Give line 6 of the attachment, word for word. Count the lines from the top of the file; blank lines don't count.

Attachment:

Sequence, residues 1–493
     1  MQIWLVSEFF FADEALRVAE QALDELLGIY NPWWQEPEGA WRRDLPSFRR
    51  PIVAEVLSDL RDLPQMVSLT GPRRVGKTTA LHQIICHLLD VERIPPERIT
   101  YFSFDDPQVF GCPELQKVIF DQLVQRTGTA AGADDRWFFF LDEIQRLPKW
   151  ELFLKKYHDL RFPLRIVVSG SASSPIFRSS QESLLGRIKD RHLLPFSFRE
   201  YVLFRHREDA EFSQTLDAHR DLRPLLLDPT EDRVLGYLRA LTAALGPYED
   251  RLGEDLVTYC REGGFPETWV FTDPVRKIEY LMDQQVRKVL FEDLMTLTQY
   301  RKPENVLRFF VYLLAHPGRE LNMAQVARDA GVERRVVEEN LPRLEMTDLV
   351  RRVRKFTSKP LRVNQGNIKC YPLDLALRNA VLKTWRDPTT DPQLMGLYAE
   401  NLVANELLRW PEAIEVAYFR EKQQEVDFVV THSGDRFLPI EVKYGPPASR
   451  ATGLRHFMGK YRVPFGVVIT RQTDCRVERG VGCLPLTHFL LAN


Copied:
   201  YVLFRHREDA EFSQTLDAHR DLRPLLLDPT EDRVLGYLRA LTAALGPYED